Headshot of speakers for Lessons learned from brands who veganised classic products
image source: ProVeg


Thursday, June 23rd, 2022

Veganising classic products: meet the speakers

With July fast approaching, we thought it would be great to give you an insight into the industry experts joining us for our next New Food Hub webinar: Lessons learned from brands who veganised classic products

What is ‘veganising’?

Veganising refers to the altering of a recipe or product so that it is free from animal-based ingredients and therefore suitable for those following a vegan or plant-based lifestyle. From the launch of the dairy-free Babybell to Mcdonalds’ McPlant burger, creating plant-based versions of classic products is on the rise. But why? One reason is that veganising traditional products is a great way for legacy brands to reduce costs and attract new customers whilst retaining their current ones. 

However, in order to be successful in this category, the product needs to replicate the taste and texture of the well-loved original. So, how do you veganise something without sacrificing quality? Our next webinar speakers will shed some light on this topic. 

Dive deeper

For a more detailed definition of veganising, along with some case studies on brands that are leading the way, please check out our New Food Hub article on the topic

Meet the speakers

Jochen Pfeifer

Image source: Jochen Pfeifer

Our first speaker, Jochen Pfeifer, has over 25 years’ experience in applied research in the food-manufacturing industry, specialising in the cheese and chocolate categories. He currently works for Mondelez International as a research fellow, screening emerging technologies and exploring how they can be used to create snacking products that appeal to consumers. 

His academic background is in food technology, biotechnology, and process engineering. He holds a PhD in Engineering from the Technical University Munich, Germany.

In the last decade or so we have first seen interest in protein expanding from the aspirational athlete niche to the mainstream consumer. This was then followed by a diversifying interest in dairy free or plant based diets. In parallel ingredient manufacturers have hugely expanded the range of crops which are converted to protein concentrates or isolates and developed technology to improve sensorial quality. Comparing volumes and functional varieties from emerging crops such as lentils, fava beans, or chickpeas with more traditional crops such as soy, wheat, or pea I think we can expect to see many more launches of protein ingredients with tailormade characteristics for specific applications in the coming years. Moreover I believe greater use of plant based ingredients can play a significant role in reducing the food sector’s greenhouse gas emissions. I expect to see many more product launches very soon which aim to reconcile environmental impact with all the other expectations consumers will continue to have.”

Jochen Pfeifer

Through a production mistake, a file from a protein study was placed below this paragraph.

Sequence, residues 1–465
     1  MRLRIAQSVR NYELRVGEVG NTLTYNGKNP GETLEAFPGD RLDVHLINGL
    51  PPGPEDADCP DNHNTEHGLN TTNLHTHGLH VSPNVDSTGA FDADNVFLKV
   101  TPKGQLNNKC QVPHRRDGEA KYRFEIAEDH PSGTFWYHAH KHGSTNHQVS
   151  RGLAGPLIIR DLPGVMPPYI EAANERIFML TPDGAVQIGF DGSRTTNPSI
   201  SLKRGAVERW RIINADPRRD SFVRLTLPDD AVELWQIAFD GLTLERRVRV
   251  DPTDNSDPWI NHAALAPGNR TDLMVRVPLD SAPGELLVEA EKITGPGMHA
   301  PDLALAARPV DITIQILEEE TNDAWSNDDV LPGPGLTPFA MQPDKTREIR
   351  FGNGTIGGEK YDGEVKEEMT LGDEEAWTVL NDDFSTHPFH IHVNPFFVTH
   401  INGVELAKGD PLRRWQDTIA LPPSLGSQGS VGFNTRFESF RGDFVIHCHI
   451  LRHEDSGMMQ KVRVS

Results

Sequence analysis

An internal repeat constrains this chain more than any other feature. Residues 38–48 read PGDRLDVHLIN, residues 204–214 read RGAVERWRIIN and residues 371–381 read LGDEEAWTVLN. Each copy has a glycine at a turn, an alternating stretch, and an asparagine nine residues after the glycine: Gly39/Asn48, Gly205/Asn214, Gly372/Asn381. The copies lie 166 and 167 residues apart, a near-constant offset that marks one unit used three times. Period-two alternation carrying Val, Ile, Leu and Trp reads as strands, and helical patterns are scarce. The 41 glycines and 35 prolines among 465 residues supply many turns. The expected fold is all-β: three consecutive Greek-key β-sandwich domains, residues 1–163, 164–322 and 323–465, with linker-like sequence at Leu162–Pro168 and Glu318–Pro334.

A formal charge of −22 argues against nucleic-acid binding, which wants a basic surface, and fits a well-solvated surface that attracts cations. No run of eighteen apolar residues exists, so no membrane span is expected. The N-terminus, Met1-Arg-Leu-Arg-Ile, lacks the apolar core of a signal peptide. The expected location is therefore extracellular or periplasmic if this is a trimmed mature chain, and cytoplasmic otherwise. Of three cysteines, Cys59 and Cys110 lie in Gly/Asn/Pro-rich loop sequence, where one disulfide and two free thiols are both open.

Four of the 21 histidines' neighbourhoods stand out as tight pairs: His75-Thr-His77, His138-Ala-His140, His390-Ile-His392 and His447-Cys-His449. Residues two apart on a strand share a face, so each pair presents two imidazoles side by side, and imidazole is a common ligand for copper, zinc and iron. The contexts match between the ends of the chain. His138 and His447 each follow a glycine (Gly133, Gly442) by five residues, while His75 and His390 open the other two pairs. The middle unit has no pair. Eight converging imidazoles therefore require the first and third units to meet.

Research fellow at Mondelez International

Carole Bingley

Image Source: Carole Bingley

Our second expert, Carole Bingley, is a technical specialist working in the Product and Ingredient Innovation Team at Reading Scientific Services Ltd (RSSL). During her time with RSSL, she has undertaken both ingredient evaluation and product-development projects for food manufacturers and ingredient suppliers across a wide range of food categories.

Her recent projects, including the development of dairy, meat, and fish alternatives based on plant proteins, make her the perfect candidate to answer all of our juicy questions on best practices for veganising classic products. 

Obviously there has been a huge growth in plant-based ingredients and products over the past ten years and I think that one of the interesting areas to emerge is that of hybrid products either blending meat and plant proteins or dairy and plant-based ingredients.  It would have been hard to imagine who would consume such products a decade ago but many flexitarian consumers are looking to combine the taste and texture of products they love with the nutritional and environmental benefits of increasing the plant-based portion of their diet.”

Carole Bingley

Technical Specialist, RSSL

Corjan Van den Berg

Image source: Corjan van den Berg

Last, but certainly not least, is Corjan Van den Berg has a Bsc in Food Technology, an Msc in Biotechnology, a PhD in Process Technology from Delft University of Technology.

After his post-doc, he worked at Purac (now Corbion) as a project leader on lactic acid produced from lignocellulosic biomass. From 2011 onwards, he has been focusing on the topic of algae biorefineries. In fact, he was the project lead in building the world’s first mobile algae biorefinery at the Netherlands Organisation for Applied Scientific Research.

In 2016, Van den Berg started working as Assistant Professor at Wageningen University, focussing on biorefineries. His most recent project is setting up his company Fumi Ingredients, which is developing non-GMO egg-white replacers based on yeast and micro-algae.

Register Today

To get rich insights from our experts, register for Lessons learned from brands who veganised classic products today. Gain a complete overview of the challenges, solutions, and opportunities involved in veganising classic products. 

Our New Food Insights webinar series aims to provide interactive discussions with industry experts in order to help food-industry leaders harness the power of plant-based foods and ingredients. Find all our previous webinars on the New Food Hub. And, to make sure you never miss a webinar, please subscribe to our Food Industry and Retail Newsletter for monthly updates. 

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